As a student of theoretical physics I'm well acquainted with the multitude of crackpot ideas attempting to circumvent Bell's theorem regarding local hidden variable theories in quantum physics.
Recently, however, I've been working on my master's thesis regarding Bayesian probability, and I came across a very interesting paper by Jaynes on precisely the subject of Bell's theorem (E.T. Jaynes, Clearing Up Mysteries - The Original Goal, In: Proceedings, Maximum Entropy and Bayesian Method, 1989).
Jaynes writes about what he calls the Mind Projection Fallacy and its prevalence in quantum mechanics. He claims the fallacy is a result of failing to appreciate probabilities as representations of states of knowledge (epistemological), as opposed to as fundamental properties of nature (ontological); clearly, Jaynes advocates the Bayesian perspective on probability.
Using his 'Bayesian inference as extended logic' approach, Jaynes derives a number of - to me - impressive results in this paper and others. More to the point, on pages 7-16 he explains two objections to Bell's results:
Bell didn't appreciate the difference between the epistemological nature of probability in making predictions and the ontological nature of causality. This lead him to propose the wrong probability distribution for his class of hidden variable theories; one which is indeed (trivially) violated by quantum mechanics.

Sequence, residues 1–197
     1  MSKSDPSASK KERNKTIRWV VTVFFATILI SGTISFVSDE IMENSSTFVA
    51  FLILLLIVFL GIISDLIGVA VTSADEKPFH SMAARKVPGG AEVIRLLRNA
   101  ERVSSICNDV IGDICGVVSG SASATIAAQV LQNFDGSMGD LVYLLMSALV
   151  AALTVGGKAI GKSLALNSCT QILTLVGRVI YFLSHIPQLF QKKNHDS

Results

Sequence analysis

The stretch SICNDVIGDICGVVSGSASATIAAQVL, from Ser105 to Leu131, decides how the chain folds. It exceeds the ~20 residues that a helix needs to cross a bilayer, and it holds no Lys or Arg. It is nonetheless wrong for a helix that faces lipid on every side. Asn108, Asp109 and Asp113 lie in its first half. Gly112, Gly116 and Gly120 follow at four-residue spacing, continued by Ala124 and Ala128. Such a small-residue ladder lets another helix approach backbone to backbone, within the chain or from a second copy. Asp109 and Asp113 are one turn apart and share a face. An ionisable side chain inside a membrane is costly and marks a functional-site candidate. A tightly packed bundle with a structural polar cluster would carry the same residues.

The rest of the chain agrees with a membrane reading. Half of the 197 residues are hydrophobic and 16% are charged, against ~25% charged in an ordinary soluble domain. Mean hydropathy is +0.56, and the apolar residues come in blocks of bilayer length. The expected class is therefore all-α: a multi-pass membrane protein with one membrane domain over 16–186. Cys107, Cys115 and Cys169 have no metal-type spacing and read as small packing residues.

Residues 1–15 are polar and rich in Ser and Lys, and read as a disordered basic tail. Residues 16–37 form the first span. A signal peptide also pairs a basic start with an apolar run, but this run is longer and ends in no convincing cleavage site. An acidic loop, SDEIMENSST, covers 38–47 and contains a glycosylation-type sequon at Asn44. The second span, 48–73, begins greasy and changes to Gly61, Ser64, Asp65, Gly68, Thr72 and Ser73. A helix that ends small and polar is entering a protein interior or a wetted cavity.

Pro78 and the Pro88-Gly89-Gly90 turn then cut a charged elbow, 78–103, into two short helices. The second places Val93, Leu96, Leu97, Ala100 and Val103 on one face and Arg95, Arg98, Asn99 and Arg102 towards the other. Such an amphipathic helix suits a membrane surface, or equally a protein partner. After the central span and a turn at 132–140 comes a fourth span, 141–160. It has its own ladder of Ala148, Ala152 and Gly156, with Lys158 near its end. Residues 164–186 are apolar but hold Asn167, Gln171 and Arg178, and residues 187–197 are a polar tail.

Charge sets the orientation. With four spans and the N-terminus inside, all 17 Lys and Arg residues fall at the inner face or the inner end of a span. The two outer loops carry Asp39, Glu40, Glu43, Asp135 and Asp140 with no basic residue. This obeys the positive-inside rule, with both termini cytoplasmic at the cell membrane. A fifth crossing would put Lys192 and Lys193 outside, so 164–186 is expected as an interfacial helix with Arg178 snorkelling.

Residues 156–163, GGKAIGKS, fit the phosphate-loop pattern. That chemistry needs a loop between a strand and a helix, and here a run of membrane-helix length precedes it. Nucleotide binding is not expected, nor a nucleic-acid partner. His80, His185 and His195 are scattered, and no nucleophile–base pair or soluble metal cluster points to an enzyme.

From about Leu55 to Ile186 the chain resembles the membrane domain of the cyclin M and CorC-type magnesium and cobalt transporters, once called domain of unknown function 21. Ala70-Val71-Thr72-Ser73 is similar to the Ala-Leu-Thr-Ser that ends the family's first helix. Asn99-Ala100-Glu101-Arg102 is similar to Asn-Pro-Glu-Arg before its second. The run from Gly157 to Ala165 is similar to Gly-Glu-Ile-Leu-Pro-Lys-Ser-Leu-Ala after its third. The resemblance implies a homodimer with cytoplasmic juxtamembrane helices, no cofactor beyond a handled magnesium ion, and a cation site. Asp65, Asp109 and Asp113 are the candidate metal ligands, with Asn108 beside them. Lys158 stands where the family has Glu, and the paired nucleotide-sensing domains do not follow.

Bell did not include all local hidden variable theories. For instance, his choice excludes those where the hidden variables are time-dependent.
These objections don't read crackpot in my opinion, and as demonstrated in the linked papers there is a slight historic tendency for the Bayesian perspective to make one see old results in a new light, particularly in other fields of physics.
I've heard that Jaynes is adept at making himself seem obviously right and others obviously wrong - so I may have fallen for that trap - but this argument struck me as something that should've gotten a lot more attention than I'm aware it has. That is, I was still taught the Copenhagen interpretation complete with Bell's theorem ruling out local determinism, which seems to imply that this argument has either not gotten mainstream attention or has been thoroughly debunked.
Are there any obvious counters to Jaynes' viewpoint that I'm not aware of?